ISSCA doctors to serve as keynote speakers at international conference and will host an additional stem cells course in Barcelona.

MIAMI LAKES, Florida— The International Society for Stem Cell Application (ISSCA), a multi-disciplinary community of scientists and physicians collaborating to treat diseases and lessen human suffering through science, technology, and regenerative medicine, has accepted an invitation to speak at the XXVIIas Jornadas Mediterraneas de Confrontaciones Terapeuticas en Medicina y Cirugia Cosmetica in Barcelona. The conference will be held on May 23-25, 2019 at the Hotel Barceló Sants, with experts from ISSCA leading the keynote session on May 25th. Following the conference on May 26th,, ISCCA doctors will also be hosting a one-day stem cells course for practitioners of regenerative medicine.

Dra. Maritza Novas of the United States and Dr. Leopoldo Parada of Chile will be speaking on behalf of ISSCA about new therapies based on allogenic compounds such as amniotic liquid, Wharton’s jelly, cord blood, and exosomes and how they present exciting new treatment opportunities for those practicing regenerative medicine.

Drs. Novas and Parada will shed light on new advances in allogenic compound research and share details with regenerative medicine practitioners on how allogenic compounds are safe treatment options for their patients, as they must pass through rigorous quality control in labs before being shipped to medical offices. Additionally, independent tests show that allogenic compounds have better cellular counts than other biological matter. Doctors currently using allogenic compounds have also reported faster treatment times associated with allogenic protocols, citing a 15-minute turnaround time versus 2 hours required to obtain stem cells from their patients.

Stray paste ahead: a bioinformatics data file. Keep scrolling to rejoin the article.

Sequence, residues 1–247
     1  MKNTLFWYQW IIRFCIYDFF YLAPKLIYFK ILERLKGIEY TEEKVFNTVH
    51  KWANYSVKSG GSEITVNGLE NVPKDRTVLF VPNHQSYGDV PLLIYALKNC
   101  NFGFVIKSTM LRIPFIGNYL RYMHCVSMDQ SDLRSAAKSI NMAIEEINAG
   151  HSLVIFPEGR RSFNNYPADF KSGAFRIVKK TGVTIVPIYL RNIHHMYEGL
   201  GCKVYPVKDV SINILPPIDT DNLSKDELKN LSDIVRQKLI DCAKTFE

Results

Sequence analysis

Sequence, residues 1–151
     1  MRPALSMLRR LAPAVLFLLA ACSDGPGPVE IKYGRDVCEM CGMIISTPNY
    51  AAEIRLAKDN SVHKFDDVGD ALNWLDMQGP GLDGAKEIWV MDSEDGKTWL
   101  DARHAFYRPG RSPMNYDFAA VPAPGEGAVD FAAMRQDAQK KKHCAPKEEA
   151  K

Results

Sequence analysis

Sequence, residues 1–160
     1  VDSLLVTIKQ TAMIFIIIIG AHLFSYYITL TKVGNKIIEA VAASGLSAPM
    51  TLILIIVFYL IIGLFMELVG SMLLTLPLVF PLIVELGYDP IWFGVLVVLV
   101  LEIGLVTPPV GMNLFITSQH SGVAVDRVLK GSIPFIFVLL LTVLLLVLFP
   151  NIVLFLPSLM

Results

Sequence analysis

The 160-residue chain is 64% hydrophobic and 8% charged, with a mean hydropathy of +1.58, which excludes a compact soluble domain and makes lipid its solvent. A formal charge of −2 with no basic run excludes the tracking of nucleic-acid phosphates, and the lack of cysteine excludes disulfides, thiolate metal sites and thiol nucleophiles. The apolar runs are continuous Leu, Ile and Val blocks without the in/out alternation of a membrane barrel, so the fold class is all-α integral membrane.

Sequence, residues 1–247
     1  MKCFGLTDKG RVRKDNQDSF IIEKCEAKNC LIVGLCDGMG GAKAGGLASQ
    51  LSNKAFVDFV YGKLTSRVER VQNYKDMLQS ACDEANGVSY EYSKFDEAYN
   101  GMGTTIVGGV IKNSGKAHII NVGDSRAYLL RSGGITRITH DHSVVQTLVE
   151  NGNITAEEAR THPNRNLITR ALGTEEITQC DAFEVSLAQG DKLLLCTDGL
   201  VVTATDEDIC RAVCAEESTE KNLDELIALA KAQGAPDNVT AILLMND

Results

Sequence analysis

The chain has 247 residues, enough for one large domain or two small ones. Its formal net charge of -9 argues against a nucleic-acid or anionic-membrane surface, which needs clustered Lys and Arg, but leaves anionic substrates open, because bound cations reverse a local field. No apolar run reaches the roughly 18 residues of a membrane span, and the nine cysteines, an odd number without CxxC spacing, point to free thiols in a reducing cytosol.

After completing their keynote talk at Jornadas Mediterraneas, Drs. Nova and Parada will be leading a one-day stem cells seminar to discuss in further detail allogenic compound clinical applications and the latest clinical trials. The seminar will wrap up with a live patient demonstration.

ISSCA has attended Jornadas Mediterraneas for the last six years. It is a premier conference in the medical community attracting more than 500 doctors from across the globe each year.

To learn more about ISSCA and all of their upcoming and past events, visit

ISSCA’s training programs assist physicians and researchers in developing better protocols for stem cell treatments.

MIAMI LAKES, Florida— The International Society for Stem Cell Application, a multi-disciplinary community of scientists and physicians collaborating to treat diseases and lessen human suffering through science, technology, and regenerative medicine, is continuing to expand its global training efforts by sponsoring three upcoming training sessions over the next month. The group has a busy schedule, with trainings taking place in Amsterdam, Abu Dhabi, Atlanta, Bogota, Miami and Mexico City.

ISSCA instructors will be hosting two onsite trainings, one in Amsterdam, Netherlands on February 22-23 and another in Abu Dhabi, United Arab Emirates on March 2-3. The training is designed to assist physicians interested in introducing regenerative medicine into their practices adhere to industry practices. Physicians will learn about industry developments and the latest advances in cellular-based treatment protocols.

Utilizing ISSCA’s over 10 years of experience in regenerative medicine, the onsite trainings seek to bring the latest advances in the field to physicians across the world, removing barriers to access. In addition to training physicians, the group uses hands-on-training methods to instruct other medical staff in cellular treatment protocols so they can effectively assist their tending physicians. Trainings are highly personalized and offer physicians the ability to learn only the regenerative medicine treatments they are most interested in.